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Maarten Cornelis

A 2021 Five Best List

December 26, 2021

In the past, my annual wrap up excluded Broadway but this year Broadway presented the bulk of the year’s outstanding works. [more]

Little Christmas Miracles

December 12, 2021

Ideally, the good-natured play with music, "Little Christmas Miracles" would perform only at matinees before an audience mostly of eager children rather than seasoned theatergoers. [more]

Swan Lake Rock Opera

November 5, 2021

Now there’s "Swan Lake Rock Opera" created by Mirit Shem-Ur (book and lyrics), Tsedi Sarfati (director and dramaturge) and Sharona Pick (music production and additional music).  The show uses orchestral themes from the original Tchaikovsky score and clever pop variations to create witty songs and underscoring. The libretto of "Rock Opera" follows the original Swan Lake plot points which tell of Young Prince Siegfried, ordered by his mother the Queen to choose a fiancée from a list of foreign princesses she has assembled.  He goes off to hunt to avoid making a decision and meets the Swan/Woman Odette and falls in love only to be deceived by her doppelganger Odile, an agent of the evil Von Rothbart who has cast a spell that turned women into swans.  This deception leads to tragedy. [more]

Mandela

July 20, 2021

Nelson Mandela’s inestimable value to humanity in general and to the abolishment of apartheid in particular cannot be thoroughly assessed or overestimated, nor are they in a new play that bears his name. As written by Yolanda Brooks & John Ruiz Miranda, who also directs, Mandela is a meandering miasma of information. It also suffers by an utterly amateurish performance by Robert Greene in the title role. One winning asset, however, is the portrayal of Mandela’s wife, Winnie, by Nadijah Abdul Khaliq. Also to its credit is the evocative lighting design by Maarten Cornelis, which, more than merely illuminating the play, gives it a kind of life. [more]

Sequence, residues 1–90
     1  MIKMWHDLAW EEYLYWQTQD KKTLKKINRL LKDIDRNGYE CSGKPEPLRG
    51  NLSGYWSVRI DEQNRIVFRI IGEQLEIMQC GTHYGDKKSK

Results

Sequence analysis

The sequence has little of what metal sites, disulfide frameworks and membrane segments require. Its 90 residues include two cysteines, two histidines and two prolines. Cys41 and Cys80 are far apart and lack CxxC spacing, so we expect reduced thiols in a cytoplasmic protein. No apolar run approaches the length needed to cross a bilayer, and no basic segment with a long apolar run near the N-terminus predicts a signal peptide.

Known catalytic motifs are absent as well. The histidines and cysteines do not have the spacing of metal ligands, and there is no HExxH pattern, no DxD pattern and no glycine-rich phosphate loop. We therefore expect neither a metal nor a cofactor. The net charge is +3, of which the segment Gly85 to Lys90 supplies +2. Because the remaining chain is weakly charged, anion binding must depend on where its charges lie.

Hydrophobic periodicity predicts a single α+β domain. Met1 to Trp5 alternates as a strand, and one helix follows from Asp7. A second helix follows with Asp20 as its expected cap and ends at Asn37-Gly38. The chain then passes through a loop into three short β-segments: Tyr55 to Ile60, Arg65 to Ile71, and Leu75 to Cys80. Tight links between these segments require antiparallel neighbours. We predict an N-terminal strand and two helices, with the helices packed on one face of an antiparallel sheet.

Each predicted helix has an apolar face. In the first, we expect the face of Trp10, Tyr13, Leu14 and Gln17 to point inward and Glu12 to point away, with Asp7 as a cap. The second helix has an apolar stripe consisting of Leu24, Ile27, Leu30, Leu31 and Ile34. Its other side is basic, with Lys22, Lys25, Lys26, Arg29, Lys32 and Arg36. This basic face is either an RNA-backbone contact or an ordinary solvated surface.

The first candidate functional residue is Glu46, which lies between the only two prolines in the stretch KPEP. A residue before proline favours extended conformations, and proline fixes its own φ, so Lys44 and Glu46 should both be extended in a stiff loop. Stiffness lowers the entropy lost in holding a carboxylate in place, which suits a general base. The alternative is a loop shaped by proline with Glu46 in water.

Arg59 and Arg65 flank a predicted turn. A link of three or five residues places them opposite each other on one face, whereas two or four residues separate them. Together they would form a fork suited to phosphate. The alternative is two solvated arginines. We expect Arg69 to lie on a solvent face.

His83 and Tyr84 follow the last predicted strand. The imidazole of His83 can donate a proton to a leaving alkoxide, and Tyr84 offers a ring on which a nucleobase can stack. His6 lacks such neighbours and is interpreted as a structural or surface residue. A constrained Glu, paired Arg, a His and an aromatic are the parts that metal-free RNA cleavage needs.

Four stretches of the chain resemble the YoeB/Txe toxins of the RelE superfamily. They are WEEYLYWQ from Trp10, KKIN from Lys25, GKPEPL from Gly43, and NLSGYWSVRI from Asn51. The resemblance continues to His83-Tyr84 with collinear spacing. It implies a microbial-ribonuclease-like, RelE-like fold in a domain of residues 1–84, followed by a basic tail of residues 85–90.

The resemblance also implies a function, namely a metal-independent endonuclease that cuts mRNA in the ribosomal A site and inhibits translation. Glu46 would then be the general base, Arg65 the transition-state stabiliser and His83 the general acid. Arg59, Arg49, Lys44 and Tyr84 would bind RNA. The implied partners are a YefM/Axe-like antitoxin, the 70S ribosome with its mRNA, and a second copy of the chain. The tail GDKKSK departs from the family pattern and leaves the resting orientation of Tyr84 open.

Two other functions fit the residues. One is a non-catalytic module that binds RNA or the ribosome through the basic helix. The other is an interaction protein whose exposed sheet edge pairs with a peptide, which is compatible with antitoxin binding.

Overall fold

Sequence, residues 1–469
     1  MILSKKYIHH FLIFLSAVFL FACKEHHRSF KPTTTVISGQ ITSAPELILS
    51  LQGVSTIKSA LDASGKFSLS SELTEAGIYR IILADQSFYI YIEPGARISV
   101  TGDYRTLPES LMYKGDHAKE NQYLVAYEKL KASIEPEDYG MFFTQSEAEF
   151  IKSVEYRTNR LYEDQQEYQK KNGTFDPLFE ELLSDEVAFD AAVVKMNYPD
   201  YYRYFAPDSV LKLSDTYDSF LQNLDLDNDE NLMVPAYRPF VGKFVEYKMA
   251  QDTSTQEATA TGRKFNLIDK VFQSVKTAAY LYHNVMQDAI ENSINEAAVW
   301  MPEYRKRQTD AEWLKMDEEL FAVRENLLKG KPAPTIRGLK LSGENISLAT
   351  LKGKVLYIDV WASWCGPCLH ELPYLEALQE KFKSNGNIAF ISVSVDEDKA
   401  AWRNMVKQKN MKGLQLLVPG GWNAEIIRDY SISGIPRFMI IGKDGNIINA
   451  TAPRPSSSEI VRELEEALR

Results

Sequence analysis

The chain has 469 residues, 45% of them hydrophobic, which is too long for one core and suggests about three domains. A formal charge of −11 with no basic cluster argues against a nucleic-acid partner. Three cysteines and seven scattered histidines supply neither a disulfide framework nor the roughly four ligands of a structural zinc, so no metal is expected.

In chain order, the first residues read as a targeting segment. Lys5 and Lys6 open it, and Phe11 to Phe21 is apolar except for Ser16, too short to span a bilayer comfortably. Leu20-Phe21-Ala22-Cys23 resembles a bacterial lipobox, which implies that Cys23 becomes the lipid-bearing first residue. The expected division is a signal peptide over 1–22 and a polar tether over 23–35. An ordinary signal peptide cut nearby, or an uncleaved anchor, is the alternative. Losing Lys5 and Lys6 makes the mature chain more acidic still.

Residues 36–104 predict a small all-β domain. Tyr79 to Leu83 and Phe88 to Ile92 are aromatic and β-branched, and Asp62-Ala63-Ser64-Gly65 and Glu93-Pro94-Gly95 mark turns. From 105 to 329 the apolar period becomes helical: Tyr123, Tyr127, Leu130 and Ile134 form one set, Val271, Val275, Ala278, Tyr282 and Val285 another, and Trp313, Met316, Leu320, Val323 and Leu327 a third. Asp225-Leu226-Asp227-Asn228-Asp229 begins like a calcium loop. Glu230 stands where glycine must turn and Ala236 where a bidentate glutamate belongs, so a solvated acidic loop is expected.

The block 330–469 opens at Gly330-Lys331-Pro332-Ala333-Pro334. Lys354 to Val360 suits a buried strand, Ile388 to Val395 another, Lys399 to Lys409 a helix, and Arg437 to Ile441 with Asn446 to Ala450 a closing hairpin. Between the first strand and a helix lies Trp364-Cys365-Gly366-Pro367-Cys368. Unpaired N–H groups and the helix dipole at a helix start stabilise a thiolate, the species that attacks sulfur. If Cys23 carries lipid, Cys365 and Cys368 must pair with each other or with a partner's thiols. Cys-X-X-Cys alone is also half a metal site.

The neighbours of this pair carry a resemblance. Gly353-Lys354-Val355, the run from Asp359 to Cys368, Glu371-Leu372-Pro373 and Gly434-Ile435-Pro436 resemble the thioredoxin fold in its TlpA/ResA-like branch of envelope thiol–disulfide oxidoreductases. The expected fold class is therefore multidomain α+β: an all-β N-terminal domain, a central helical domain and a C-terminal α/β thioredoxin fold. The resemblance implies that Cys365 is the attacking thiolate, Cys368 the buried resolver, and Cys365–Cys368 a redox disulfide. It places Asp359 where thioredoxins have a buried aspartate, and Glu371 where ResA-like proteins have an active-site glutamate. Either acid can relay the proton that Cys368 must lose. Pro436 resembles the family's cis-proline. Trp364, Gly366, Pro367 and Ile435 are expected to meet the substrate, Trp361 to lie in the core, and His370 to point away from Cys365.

The Importance of Being Earnestly LGBTQ+

July 15, 2021

For "The Importance of Being Earnestly LGBTQ+" which wildly lives up to its title, director Maarten Cornelis updates Wilde’s scenario to present day New York City. Currency is in dollars; Manhattan landmarks replace London ones, though the fabled cucumber sandwiches remain. Amanda Scanze’s splendorous fashionista-type costume design and Martina Duque’s artfully basic scenic and projection design are all contemporary. Mr. Cornelis places us in an affectionate fantasyland true to the spirit of Wilde where logical inconsistencies and anachronisms are to be taken in stride. Algernon Moncrieff and Jack Worthing are still upper-class charmers pretending to be named Ernest to romance their eccentric objects of desire. Instead of Cecily Cardew and Gwendolen Fairfax, here we get Cecil and Gwyn. This production’s chief virtue is its matter of fact and sensual depiction of same-sex attraction. That is achieved through Cornelis’ skillful direction, his otherworldly lighting design and his energetic ensemble. [more]

It Came from Beyond

April 27, 2018

In the mode of vibrant Broadway leading ladies of the likes of Donna Murphy is the red haired and vivacious Kaitlyn Baldwin as the home economics teacher, Ms. Benson and as Private Jayne, the assistant to the nutty colonel. Cracking wise with the precision of Eve Arden and exhibiting superior singing and dance skills, Ms. Baldwin invests herself in the material with colossal force as if she were starring in "Wonderful Town" or an edition of "Forbidden Broadway." [more]

Wicked Frozen

April 11, 2018

Zoe Farmingdale’s book is a tart and good-natured treatment of the salvation of a high school misfit. The cheery, witty and melodious score has lyrics by Ms. Farmingdale and Toby Singer and music by Mr. Singer. An ode to IKEA is particularly catchy. Mr. Singer’s successfully eclectic music is perfectly realized by his arrangements and sound design. [more]

Lili Marlene

August 19, 2017

The songs never come up to the title song made famous by Marlene Dietrich who’s mentioned several times during the play. Antin’s attempt at playful seduction, “Take Me Home Tonight,” sung by the half-dressed cabaret girls and his German-style drinking song, “Fill My Stein with Beer” are pleasant pastiche, but “How Can Germany Survive?” (sung by the beleaguered Willi) and “Time to Stand Up” (sung by Josef) are heavy-handed and obvious. The lyrics throughout, even in the love songs are of the “moon-June” variety, but, as mentioned, are sung with great feeling. [more]